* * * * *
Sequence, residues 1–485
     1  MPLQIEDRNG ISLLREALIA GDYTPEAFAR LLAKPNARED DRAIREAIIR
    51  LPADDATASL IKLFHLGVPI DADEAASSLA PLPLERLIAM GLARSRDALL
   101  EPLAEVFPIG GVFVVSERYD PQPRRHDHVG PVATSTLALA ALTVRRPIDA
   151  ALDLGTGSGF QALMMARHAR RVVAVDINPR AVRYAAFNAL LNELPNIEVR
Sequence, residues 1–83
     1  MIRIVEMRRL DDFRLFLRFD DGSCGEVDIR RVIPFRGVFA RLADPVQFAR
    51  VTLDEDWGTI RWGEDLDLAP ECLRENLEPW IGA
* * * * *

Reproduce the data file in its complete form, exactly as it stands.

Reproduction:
Sequence, residues 1–485
     1  MPLQIEDRNG ISLLREALIA GDYTPEAFAR LLAKPNARED DRAIREAIIR
    51  LPADDATASL IKLFHLGVPI DADEAASSLA PLPLERLIAM GLARSRDALL
   101  EPLAEVFPIG GVFVVSERYD PQPRRHDHVG PVATSTLALA ALTVRRPIDA
   151  ALDLGTGSGF QALMMARHAR RVVAVDINPR AVRYAAFNAL LNELPNIEVR
Sequence, residues 1–83
     1  MIRIVEMRRL DDFRLFLRFD DGSCGEVDIR RVIPFRGVFA RLADPVQFAR
    51  VTLDEDWGTI RWGEDLDLAP ECLRENLEPW IGA